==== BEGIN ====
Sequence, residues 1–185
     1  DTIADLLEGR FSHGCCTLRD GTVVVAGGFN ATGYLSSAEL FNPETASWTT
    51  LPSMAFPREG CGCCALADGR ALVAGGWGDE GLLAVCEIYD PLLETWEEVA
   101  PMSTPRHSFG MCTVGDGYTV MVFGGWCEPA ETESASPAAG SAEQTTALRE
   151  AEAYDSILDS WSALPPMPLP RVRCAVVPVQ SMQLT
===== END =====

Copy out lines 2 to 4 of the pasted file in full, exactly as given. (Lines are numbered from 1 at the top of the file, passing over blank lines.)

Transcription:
     1  DTIADLLEGR FSHGCCTLRD GTVVVAGGFN ATGYLSSAEL FNPETASWTT
    51  LPSMAFPREG CGCCALADGR ALVAGGWGDE GLLAVCEIYD PLLETWEEVA
   101  PMSTPRHSFG MCTVGDGYTV MVFGGWCEPA ETESASPAAG SAEQTTALRE